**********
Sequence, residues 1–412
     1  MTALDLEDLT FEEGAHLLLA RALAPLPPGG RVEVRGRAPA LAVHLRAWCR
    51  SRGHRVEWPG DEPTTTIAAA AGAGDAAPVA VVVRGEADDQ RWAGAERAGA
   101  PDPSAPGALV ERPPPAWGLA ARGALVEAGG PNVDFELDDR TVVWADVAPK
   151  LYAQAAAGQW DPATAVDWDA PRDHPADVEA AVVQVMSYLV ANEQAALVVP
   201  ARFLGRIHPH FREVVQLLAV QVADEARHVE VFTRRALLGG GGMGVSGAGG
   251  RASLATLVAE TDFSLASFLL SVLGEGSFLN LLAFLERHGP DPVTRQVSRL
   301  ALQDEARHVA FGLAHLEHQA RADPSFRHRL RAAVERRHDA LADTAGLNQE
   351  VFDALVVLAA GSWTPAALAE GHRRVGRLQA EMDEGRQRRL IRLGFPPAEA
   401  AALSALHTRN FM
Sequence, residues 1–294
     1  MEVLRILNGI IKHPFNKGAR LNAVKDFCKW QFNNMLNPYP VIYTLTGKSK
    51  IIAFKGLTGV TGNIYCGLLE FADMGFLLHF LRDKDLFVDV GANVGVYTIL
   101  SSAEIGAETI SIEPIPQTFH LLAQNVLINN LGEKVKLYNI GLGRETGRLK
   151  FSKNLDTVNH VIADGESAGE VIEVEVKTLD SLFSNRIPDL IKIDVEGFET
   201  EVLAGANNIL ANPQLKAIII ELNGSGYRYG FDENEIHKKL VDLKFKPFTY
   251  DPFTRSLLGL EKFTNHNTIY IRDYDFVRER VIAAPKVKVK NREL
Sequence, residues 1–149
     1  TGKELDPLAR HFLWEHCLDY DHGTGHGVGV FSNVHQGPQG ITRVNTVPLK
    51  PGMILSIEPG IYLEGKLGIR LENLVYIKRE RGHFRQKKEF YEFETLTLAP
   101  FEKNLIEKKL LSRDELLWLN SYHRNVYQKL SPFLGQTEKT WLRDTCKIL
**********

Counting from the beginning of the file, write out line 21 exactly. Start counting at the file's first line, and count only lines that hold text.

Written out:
   101  FEKNLIEKKL LSRDELLWLN SYHRNVYQKL SPFLGQTEKT WLRDTCKIL